“That is a beautiful motorcycle,” said my comely young neighbor as she pushed her baby’s pram by my house as she admired the 2017 Harley-Davidson Wide Glide in Velocity Red Sunglo with Faded Flames paint.Random unsolicited compliments such as that constitute half of the experience of owning a motorcycle as striking as the Wide Glide. The other half, of course, is the enjoyment of riding the relaxed big-inch cruiser with the skinny front tire.
While I can admit that I tend toward fat front tires on cruisers, as I like the settled feel of plenty of rubber on the road, the Harley-Davidson Wide Glide enjoys light steering that has its own appeal. The Harley-Davidson Dyna family alternates between 16- and 19-inch front wheels, with the Wide Glide as the sole 21-incher in the bunch. It just so happens that the Wide Glide also has the widest rear tire in the Dyna line, a 180 (along with the Fat Bob), so the Wide Glide is an outlier among Dynas.Of course, the Wide Glide doesn’t derive its name from the rear tire. Instead, the FXDWG Wide Glide—which has been around since 1993 and is a descendant of the 1971 FX Super Glide—gets its moniker from the widely set fork legs. When you see a Wide Glide coming down the road toward you with the beefy 49mm fork legs set far apart, with just an 80mm front tire and thin fender between them, it is instantly recognizable.The Wide Glide also has its own ride. The 35-degree fork angle (34 degrees of rake), 67.5-inch wheelbase, and the 21-inch laced front wheel tell you one thing—the Wide Glide wants to go straight. No doubt about it, the Wide Glide is superb in town or on the open road heading in a singular direction.Having said that, I couldn’t resist taking the 2017 Harley-Davidson Wide Glide for a few runs into the local canyons, including an extended high-speed ride through Angeles National Forest. After all, it does have the fantastic High Output Twin Cam 103 powerplant.Although stability is not its strong point when doing any sort of cornering, it feels good enough to not avoid a bit of fun in the twisties. The Michelin Scorcher 31 rear tire doesn’t have much demand put on it, but the front black donut has quite a bit of responsibility. It has to guide the Wide Glide through the corners, even when the chassis, 180 rear tire, and rubber-mounted engine are resisting.I quickly learned to set the Wide Glide into the turn and hold my line. When I did that, it cooperated with only the early dragging of my boot heels into the pavement slowing things down. I do like that soft warning, rather than scraping pegs or pipes.Urban riding is a blast. The big V-twin is a manageable brute around town, allowing for serious acceleration when the stop light turns green. You’re moving in a straight line, and all is good.In these city settings, the narrow front wheel has a light touch, reducing fatigue when guiding the nearly 700-pound machine between cars and down crowded streets. The Wide Glide is generally happy to go where you point it, drama-free.Suspension is a bit of a happy surprise. The hard ride you expect from the fork angle and low profile front tire is offset by five inches of travel and non-flexing tubes. The three inches in the rear isn’t bad, even though they aren’t the emulsion units we love on other Harley-Davidsons.The 2017 Harley-Davidson Wide Glide does produce a bit of frustration when it comes to braking. The cool open air-filter cover pushes your right leg out at an awkward angle when it comes time to use the brake pedal. In a normal riding position, you simply cannot effectively push down on it.Initially, I thought the 292mm rear disc setup was weak, as it struggled to slow down the motorcycle. But, when I unnaturally arched my leg around the air cleaner cover, and was able to truly get my boot on the pedal, I found out that the rear brake is quite strong. Unfortunately, it takes the dexterity of a contortionist to exploit its power.The front disc looks tiny, but that’s because it’s on a 21-inch wheel—it is actually an impressive 300mm rotor, though there’s only one of them. There is only a single disc, of course, because twin discs would overwhelm the 80mm wide front tire. Still, what’s there isn’t bad.Other than the pesky air cleaner cover, the ergonomics work well in an urban environment. The feet forward and slightly swept back drag bars might not seem like a great choice for comfort, but with the nice seat, it all comes together for cruising around. It’s not quite a tank emptier (4.7 gallons will get you about 200 miles), but it is livable for the city.In-town freeway blasts are fine, and there is plenty of power on tap to obliterate any four-wheel competition. The real speed restrictor is the foot position—your boot soles and legs will catch the high winds and you have to concentrate a bit to keep them on the pegs.Really, it’s not necessary to dwell on the details of the 2017 Harley-Davidson Wide Glide. It is a Dyna unto itself, and there’s nothing else like it on the street. Happily, if you buy the FXDWG for its looks, you will be more than pleased with its power and appearance, and satisfied with its ergonomics, handling, and suspension.Riding Style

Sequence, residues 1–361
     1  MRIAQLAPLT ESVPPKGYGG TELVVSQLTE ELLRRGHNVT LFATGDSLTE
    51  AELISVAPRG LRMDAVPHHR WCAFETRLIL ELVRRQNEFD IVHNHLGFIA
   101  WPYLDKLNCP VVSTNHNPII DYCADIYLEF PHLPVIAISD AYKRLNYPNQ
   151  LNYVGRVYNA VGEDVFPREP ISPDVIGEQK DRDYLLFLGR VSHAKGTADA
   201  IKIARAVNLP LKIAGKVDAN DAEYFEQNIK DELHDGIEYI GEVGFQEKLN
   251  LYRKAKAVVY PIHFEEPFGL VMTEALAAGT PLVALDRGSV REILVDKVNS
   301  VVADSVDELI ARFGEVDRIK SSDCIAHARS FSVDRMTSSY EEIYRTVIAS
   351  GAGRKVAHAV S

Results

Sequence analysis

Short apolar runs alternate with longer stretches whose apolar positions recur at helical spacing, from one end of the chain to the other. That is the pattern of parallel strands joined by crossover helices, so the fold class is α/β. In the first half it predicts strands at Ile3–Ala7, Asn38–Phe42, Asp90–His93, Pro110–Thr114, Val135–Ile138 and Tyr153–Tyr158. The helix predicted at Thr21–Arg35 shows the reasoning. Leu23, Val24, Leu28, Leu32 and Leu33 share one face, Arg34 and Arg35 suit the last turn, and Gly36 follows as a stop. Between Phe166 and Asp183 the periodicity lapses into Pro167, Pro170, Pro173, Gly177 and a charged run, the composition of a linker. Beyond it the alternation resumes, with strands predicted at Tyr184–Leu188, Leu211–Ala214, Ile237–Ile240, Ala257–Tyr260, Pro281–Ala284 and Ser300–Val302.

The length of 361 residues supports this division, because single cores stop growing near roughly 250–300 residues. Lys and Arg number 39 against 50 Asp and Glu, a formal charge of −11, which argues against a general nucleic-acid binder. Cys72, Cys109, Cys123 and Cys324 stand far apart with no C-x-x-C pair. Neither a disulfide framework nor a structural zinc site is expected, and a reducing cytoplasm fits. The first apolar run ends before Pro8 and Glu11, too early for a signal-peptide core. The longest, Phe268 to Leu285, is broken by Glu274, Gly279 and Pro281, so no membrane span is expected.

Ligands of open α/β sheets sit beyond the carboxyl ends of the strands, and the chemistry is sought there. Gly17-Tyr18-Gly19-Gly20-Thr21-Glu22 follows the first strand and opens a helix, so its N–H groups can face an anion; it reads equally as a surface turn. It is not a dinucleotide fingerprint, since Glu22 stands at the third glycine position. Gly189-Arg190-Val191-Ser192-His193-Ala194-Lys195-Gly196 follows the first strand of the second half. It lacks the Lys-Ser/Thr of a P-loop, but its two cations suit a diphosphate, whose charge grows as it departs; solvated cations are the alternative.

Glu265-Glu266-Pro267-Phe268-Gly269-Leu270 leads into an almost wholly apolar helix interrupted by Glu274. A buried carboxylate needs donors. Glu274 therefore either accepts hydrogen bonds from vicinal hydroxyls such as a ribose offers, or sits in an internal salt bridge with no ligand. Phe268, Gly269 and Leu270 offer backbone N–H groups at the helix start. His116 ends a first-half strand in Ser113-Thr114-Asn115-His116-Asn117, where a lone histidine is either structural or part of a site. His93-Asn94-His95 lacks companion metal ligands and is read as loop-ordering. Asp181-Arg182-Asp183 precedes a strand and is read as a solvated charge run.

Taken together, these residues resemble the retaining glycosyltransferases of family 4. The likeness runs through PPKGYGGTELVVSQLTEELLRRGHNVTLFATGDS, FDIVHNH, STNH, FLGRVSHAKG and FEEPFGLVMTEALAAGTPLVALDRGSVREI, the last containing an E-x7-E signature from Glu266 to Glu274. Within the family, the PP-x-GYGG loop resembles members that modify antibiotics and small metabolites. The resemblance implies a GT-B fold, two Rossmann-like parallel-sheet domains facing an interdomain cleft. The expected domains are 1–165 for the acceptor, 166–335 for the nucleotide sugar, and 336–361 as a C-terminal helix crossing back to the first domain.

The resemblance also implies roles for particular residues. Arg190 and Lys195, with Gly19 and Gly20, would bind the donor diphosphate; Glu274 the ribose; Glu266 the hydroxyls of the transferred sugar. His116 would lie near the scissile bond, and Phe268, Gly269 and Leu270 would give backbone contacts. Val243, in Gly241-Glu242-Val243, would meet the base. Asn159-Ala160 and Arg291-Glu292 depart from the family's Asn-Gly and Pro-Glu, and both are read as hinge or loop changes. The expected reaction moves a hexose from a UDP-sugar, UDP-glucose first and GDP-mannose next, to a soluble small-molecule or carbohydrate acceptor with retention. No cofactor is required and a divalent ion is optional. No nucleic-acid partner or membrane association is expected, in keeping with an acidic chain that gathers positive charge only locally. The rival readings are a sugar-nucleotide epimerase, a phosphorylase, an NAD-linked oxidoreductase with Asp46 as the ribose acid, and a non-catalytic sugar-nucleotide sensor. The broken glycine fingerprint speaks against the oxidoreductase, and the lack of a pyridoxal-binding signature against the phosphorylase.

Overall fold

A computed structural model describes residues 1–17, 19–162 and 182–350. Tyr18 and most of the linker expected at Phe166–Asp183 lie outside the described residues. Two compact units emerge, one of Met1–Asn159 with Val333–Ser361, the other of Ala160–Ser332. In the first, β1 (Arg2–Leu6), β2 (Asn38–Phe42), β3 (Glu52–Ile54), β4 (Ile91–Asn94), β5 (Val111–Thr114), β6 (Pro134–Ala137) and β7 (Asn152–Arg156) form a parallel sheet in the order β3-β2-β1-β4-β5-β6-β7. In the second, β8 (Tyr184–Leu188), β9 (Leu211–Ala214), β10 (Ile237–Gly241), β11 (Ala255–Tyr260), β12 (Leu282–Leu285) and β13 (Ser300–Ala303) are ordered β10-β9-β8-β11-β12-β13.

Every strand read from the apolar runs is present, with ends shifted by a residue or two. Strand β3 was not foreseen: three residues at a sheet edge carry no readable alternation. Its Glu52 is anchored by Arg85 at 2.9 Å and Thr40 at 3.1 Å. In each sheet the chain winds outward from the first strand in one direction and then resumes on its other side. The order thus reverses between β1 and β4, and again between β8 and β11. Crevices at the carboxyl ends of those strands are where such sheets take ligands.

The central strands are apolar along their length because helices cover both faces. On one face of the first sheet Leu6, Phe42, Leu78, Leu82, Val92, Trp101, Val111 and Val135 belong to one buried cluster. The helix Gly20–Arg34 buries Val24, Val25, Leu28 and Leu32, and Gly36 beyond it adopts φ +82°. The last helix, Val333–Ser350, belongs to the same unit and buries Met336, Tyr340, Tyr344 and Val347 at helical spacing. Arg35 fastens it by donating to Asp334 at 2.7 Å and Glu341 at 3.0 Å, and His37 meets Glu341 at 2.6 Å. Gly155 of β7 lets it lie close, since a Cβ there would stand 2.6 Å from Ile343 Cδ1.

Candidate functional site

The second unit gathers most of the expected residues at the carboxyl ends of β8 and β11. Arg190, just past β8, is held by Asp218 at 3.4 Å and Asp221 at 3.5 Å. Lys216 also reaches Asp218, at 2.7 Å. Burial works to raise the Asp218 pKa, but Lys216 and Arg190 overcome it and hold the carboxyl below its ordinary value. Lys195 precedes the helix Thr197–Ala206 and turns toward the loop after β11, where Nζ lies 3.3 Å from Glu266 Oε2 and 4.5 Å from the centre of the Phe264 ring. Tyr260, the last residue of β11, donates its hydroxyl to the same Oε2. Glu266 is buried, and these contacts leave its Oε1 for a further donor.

This week Teejay chats to Tyler Poppe. Tyler works on the TV show Mayans MC–and yet he doesn’t ride an American V-Twin. Wassup with that?? Also, Arthur finds out from friend Mike Cardillo about his thoughts on the full-size version of the Kawasaki KLX 140R F trail bike.